In mathematics, the covariant derivative is a way of specifying a derivative along tangent vectors of a manifold. Alternatively, the covariant derivative is a way of introducing and working with a connection on a manifold by means of a differential operator, to be contrasted with the approach given by a principal connection on the frame bundle – see affine connection. In the special case of a manifold isometrically embedded into a higher-dimensional Euclidean space, the covariant derivative can be viewed as the orthogonal projection of the Euclidean directional derivative onto the manifold's tangent space. In this case the Euclidean derivative is broken into two parts, the extrinsic normal component (dependent on the embedding) and the intrinsic covariant derivative component.
The name is motivated by the importance of changes of coordinate in physics: the covariant derivative transforms covariantly under a general coordinate transformation, that is, linearly via the Jacobian matrix of the transformation.This article presents an introduction to the covariant derivative of a vector field with respect to a vector field, both in a coordinate free language and using a local coordinate system and the traditional index notation. The covariant derivative of a tensor field is presented as an extension of the same concept. The covariant derivative generalizes straightforwardly to a notion of differentiation associated to a connection on a vector bundle, also known as a Koszul connection.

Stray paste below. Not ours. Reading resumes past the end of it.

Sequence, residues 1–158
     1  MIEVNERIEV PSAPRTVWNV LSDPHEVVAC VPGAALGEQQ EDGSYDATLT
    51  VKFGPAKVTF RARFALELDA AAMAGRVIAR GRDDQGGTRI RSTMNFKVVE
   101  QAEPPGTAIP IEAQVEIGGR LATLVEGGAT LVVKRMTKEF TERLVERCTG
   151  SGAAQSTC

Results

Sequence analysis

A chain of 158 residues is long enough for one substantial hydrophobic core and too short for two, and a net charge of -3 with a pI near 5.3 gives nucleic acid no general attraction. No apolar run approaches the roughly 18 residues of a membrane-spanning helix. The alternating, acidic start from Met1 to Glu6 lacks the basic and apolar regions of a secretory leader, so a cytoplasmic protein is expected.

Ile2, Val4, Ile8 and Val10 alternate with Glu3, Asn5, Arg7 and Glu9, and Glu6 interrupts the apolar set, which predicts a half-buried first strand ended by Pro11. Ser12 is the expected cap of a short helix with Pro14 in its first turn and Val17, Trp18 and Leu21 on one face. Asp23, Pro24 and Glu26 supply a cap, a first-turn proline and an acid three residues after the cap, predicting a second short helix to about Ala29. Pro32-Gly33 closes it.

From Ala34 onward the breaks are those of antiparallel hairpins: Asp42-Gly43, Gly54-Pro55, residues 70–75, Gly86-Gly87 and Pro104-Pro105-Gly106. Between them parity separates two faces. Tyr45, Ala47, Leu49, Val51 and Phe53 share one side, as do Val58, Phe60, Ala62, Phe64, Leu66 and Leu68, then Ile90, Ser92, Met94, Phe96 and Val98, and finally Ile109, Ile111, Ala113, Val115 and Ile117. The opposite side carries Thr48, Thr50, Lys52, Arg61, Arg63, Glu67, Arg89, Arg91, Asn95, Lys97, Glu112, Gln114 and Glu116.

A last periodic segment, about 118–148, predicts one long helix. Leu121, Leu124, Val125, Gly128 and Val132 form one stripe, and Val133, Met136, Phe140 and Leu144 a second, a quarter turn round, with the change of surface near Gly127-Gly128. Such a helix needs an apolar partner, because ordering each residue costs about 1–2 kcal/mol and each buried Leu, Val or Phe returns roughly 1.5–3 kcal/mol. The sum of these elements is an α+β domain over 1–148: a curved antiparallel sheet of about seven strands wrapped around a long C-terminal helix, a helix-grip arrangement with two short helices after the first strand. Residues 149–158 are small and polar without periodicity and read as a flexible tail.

I am a graduate physics student currently studying electrodynamics as a core paper. I want to know why exactly do we use only covariant formulation for writing Maxwell's equations? Or do we also use contravariant formulation (i.e., if something like that even exists)?
I am a physics enthusiast reading Covariant Physics by Moataz H. Emam. In his chapter about Point Particle mechanics there is a transformation equation for a displacement vector. I don't see how he arrived at the final equation 3.6. Is it a chain rule or product rule? Can't seem to figure it...
Under the entry "Quantum electrodynamics" in Wikipedia, the Dirac equation for an electron is given by
$$ i\gamma^{\mu}\partial_{\mu}\psi - e\gamma^{\mu}\left( A_{\mu} + B_{\mu} \right) \psi - m\psi = 0 ,\tag 1 $$
or
$$
i\gamma^{\mu}\partial_{\mu}\psi - m\psi = e\gamma^{\mu}\left( A_{\mu} +...